If you are thinking about thickening your pasture or hayfield, winter may be the perfect time and lends itself to two opportunities – dormant seeding and frost seeding. Both allow you to get the seed in the ground in time for the first of the spring weather and the very start of the growing season, which can be a significant advantage over a spring seeding. Spring planting requires waiting for the right conditions to plant, whereas it’s much easier to get into the field during the winter, when the ground is firmer and less muddy.
For these reasons, dormant seeding and frost seeding have considerable overlap. Both involve planting a seed that will have to sit dormant and wait until favorable weather to germinate and grow, so it should be a crop that will germinate and grow well in the cool moist conditions of early spring. If broadcasting a dormant seeding of small-seeded legumes, you are also relying on freezing and thawing of the soil to work the seed in. If frost or dormant seeding is done into an existing stand, there has to be enough bare soil exposed that most of seed can reach the soil. Seed-to-soil contact is always critical to success.
Dormant seeding means planting in early winter, before ground has frozen, but while it’s cool enough to prevent germination. The seed sits dormant over the winter and germinates early in the spring, once it gets enough warmth and moisture.
We recently heard from a customer in Bradford County (Northern PA) who successfully thickened a hayfield with dormant seeding of red clover on December 26, 2012. He drilled the clover into his existing hay field, and found this was more effective than frost seeding.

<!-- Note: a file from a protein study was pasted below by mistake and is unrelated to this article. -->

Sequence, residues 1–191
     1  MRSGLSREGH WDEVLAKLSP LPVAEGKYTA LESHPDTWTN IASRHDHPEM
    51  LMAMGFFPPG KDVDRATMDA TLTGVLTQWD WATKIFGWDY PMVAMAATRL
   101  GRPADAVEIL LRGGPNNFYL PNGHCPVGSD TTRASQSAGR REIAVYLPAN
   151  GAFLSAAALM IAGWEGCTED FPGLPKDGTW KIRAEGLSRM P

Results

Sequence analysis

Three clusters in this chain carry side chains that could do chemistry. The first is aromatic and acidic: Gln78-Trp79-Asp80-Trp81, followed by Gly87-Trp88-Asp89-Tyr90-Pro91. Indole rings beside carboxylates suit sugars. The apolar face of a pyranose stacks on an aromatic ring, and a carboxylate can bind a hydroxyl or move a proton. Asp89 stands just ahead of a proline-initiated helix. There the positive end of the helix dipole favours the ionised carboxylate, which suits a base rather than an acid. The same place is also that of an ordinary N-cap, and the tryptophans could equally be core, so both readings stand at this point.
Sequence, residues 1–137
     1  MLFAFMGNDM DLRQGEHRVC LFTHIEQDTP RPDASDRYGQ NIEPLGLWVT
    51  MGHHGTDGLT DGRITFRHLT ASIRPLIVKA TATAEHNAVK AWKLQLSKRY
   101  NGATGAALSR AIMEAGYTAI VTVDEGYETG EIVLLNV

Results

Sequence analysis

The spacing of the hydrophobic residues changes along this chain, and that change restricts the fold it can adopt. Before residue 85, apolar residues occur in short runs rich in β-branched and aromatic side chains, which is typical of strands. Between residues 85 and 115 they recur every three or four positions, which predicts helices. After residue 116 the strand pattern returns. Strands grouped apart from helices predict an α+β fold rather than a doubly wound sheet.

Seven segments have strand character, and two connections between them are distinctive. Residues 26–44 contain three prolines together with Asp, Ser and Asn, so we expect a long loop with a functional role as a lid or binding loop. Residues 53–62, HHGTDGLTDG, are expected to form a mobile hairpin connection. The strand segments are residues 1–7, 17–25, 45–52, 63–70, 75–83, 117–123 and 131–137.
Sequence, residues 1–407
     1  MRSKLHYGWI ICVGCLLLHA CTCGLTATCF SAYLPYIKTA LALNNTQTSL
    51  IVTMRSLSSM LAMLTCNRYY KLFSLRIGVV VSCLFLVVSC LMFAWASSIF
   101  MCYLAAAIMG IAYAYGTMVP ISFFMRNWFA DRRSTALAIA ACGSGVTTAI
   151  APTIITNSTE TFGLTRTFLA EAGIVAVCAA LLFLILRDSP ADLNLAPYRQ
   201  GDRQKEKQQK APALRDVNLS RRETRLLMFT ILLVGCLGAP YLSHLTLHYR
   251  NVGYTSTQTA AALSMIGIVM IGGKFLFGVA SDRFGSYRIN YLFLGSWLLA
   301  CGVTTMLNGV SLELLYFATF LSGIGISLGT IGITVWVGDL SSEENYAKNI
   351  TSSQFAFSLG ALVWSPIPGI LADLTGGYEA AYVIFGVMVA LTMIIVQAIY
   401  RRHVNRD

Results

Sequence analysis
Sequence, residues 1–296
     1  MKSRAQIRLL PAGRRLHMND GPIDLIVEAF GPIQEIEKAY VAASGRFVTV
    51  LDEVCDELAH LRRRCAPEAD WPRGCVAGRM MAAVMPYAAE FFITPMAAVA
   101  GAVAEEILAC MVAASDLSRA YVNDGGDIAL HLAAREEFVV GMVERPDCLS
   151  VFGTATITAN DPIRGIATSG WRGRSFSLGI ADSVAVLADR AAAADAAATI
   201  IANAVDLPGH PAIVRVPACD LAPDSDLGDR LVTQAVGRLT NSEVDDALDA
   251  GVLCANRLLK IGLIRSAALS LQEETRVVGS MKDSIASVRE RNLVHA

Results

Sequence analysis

For dormant seeding, make sure that you are not planting too deep. If it’s warm enough for dormant seeding, the soil will likely be softer than at other times of the year. Clover and grass seed are very small seed and should not be planted deeper than ¼”.
Please note that dormant seeding can be quite a gamble. If you get a very warm few weeks in late winter, followed by a cold spell, your seeds can germinate and then be killed as small seedlings. Ideal conditions for dormant seeding are a consistently cold winter (the more snow cover, the better), followed by consistent warmth in the spring, so that germination is delayed until it’s warm enough. Be especially careful with cool-season grasses and legumes, which can germinate in soils as cold as 35 degrees.
While most dormant seeding is done in early winter before the ground freezes (or during a period of thaw and dry conditions), frost seeding is usually done in late winter. In early morning, ground is still frozen enough to drive over. Broadcast seed, usually from a seed spinner mounted to the back of a tractor (this can also be done with a hand-spinner) then the freezing and thawing of the soil surface helps to work seed into the ground.
Clay and loam soils are ideal for frost- and dormant-seeding, since they heave the most with frozen moisture, helping to work seeds into the ground. Sandy soils are less favorable.
You will likely want to use clover for frost seeding, since seeds are smaller, don’t require much soil coverage, and find exposed soil more easily when scattered. Dormant seeding gives you more options, since you may be drilling instead of broadcasting, so larger seeds can be used. Broadcasting relies on freeze-thaw cycles to work the seed into the soil, while drilling opens a furrow and gives more accurate and consistent seed placement.
Clover is ideal for a winter seeding, and is a forgiving crop. It’s shade tolerant and aggressive, growing low and thriving when interseeded, yet it works well on ground with less than ideal drainage. And you get the added benefit of a nitrogen fixing crop, and one with high nutritional value. If establishing clover in a grass pasture, you will likely find increased yield and quality. As a cover crop or hay crop interseeded in wheat, it will fix nitrogen for following crops.
Premium Clover Blend is ideal for frost seeding, or a mix of 4 pounds of red clover with 2 pounds of white clover. Three-Way Clover Mix can also be frost-seeded to get an early spring clover cover crop established.